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The Grimm Legacy by Polly Shulman

The Grimm Legacy

The Grimm Legacy by Polly Shulman

The Grimm Legacy begins as a tale of an ordinary life: Elizabeth Rew is adjusting to her mother’s death, her father’s remarriage, and switching to public school so her father can help pay tuition for her two new stepsisters.  She has nobody to sit with at lunch time and feels lonely and virtually invisible.  After writing her term paper on the Grimm brothers, her friendly (if eccentric) history teacher offers her an after school job, which she accepts gratefully.

Elizabeth soon learns, however, that this is no ordinary job.  She has been hired as a page at the New-York Circulating Material Repository, a sort of library for objects.  The repository stores and lends out everything from china tea sets to Marie Antoinette’s wig.  But what really surprises our fair heroine is when she learns that the basement of the repository houses the Grimm Collection – magical objects bequeathed to the repository straight out of fairy tales and folklore.

I love this premise for a young adult title, because not only does it make the mundane magical (how many high school students wish their after school job was a bit more glamorous?), it also takes the enchanted and makes it ordinary.  Though apprehensive of these items at first, by the end of the book all the young repository pages have used magical objects in their everyday lives, with varying degrees of success and many unforeseen consequences.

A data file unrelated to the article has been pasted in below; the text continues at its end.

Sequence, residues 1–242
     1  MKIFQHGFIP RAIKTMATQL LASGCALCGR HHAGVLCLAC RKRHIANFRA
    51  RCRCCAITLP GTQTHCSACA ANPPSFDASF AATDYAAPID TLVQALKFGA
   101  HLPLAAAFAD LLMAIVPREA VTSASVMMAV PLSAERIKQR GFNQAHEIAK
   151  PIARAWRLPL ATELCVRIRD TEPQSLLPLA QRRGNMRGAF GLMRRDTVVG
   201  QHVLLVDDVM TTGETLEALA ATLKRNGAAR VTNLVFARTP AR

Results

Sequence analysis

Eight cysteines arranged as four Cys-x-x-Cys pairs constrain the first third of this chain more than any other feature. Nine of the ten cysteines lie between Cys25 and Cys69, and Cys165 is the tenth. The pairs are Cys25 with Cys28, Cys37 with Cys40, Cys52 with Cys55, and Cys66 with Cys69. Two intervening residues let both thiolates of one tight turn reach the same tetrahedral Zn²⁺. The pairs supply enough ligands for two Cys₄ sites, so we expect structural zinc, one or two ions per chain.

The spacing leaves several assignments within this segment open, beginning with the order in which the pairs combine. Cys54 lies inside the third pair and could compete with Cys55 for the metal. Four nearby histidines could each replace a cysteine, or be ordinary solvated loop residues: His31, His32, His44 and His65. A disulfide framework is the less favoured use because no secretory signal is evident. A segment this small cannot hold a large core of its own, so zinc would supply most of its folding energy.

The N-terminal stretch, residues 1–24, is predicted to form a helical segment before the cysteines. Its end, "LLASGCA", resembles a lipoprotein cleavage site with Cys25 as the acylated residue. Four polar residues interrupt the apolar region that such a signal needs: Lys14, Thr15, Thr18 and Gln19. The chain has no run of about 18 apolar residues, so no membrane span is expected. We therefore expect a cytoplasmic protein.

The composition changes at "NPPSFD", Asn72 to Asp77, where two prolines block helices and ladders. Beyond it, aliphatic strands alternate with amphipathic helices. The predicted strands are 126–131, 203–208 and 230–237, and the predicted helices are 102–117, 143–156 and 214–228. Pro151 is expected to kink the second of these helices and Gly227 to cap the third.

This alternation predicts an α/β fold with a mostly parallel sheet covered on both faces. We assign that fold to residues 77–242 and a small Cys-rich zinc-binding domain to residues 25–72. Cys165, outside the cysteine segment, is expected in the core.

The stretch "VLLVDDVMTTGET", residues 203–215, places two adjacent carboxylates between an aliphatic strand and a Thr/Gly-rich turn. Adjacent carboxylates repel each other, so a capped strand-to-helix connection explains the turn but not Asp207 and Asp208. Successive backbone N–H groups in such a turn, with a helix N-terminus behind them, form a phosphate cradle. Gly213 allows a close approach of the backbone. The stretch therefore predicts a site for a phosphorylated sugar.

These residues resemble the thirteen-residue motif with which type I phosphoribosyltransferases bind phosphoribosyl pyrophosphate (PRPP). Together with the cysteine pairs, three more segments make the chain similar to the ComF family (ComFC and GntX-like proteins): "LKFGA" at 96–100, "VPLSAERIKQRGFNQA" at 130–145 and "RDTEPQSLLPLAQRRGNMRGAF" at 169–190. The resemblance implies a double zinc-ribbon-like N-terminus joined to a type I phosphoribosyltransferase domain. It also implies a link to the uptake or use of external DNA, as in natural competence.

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Every Friday by Dan Yaccarino

Every FridayThis is a sweet slice of life story. Every Friday a father and son spend the morning together. They slowly walk down the street taking in everything around them until they reach the local diner. They eat pancakes, talk about anything and watch people walk by. Such a simple tradition can lead to a life rich with memories and a special bond between parent and child. This book makes you want to give the gift of time and ritual to the ones you love.

 
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Posted by on April 21, 2011 in Book Reviews, Children's